Therefore, in order to convince decision makers to go for a particular intervention it will be important to go beyond examining allocative efficiencies using incremental cost effectiveness analysis. We will instead need to develop standards for choosing comparator strategies and study time horizon so that the Incremental Cost Effectiveness Ratio (ICER) values can start to be compared across studies.

Developing standardised composition of intervention packages and incorporating insights from decision analysis will all be required to develop more policy-responsive research around rabies control. Given the recent calls to use rabies as a test case for one health approach, even more important perhaps, is to develop analytic techniques that facilitate analysis and presentation of the costs and benefits of rabies control strategies across multiple sectors and species.

The big picture: Putting values, functions and sectors together

Based upon the above ideas, a group of us thought to ourselves, what would happen when we put together costs and benefits of rabies interventions across human, canine and livestock populations in one matrix? Will such an analysis aid decision making if researchers and decision makers from all these sectors sit together in one room? We got a preview of the exciting possibilities of an integrative approach to research and policy at a recently-concluded meeting in Delhi.

Supported by a Grand Challenge award for bringing animal and human health sectors together, and working with partners across RCZI, PHFI, LSHTM & Yale, we have tried to combine disease transmission and economic evaluation models with decision analytic techniques to present a series of cost and impact results from the perspectives of different sectors drawn from a single integrative database.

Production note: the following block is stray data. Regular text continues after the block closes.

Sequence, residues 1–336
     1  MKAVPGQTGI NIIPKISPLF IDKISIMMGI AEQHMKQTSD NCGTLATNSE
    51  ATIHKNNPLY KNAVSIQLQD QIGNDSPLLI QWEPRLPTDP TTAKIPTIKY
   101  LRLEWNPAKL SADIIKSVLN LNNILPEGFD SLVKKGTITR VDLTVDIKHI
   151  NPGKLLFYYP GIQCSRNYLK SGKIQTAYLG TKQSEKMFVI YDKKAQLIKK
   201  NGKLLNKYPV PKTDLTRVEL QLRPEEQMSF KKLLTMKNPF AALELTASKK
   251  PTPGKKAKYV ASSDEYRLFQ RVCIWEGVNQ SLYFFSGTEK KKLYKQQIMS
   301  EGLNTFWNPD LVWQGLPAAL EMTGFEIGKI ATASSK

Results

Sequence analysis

We started out our exercise by mapping existing information needs of key rabies stakeholders in India in early 2015. We presented our approach and preliminary findings of a generalized cost effectiveness of rabies control in Tamil Nadu at a stakeholder meeting organized on 7-8 September 2015 in Delhi. The meeting participants consisted of researchers as well as policy makers from animal and human health sectors. Participants included officers from WHO, AWBI, GALVmed, NIVEDI, FIAPO as well as the Departments of Public Health and Animal Husbandry from Government of Tamil Nadu.

We analysed the costs and impacts of different combinations of rabies interventions across human, canine and livestock sectors across a 20-year time horizon. From our analysis, it seems that rabies transmission can be controlled relatively quickly with moderate coverage of canine vaccination. A modified ABC-AR strategy consisting of female-only sterilisation also yielded promising results.

Political economy of rabies

While the precise findings from our study will make for a separate post, even the approach of conducting and presenting our findings received interesting reactions from the group. The complexity of political economy of rabies was highlighted when we polled for the preferred outcome indicators among different sector-specific groups. Dog bite emerged as an equally significant indicator of interest as rabies transmission across most sectors. As mentioned above, this has important implications for rethinking existing rabies control strategies.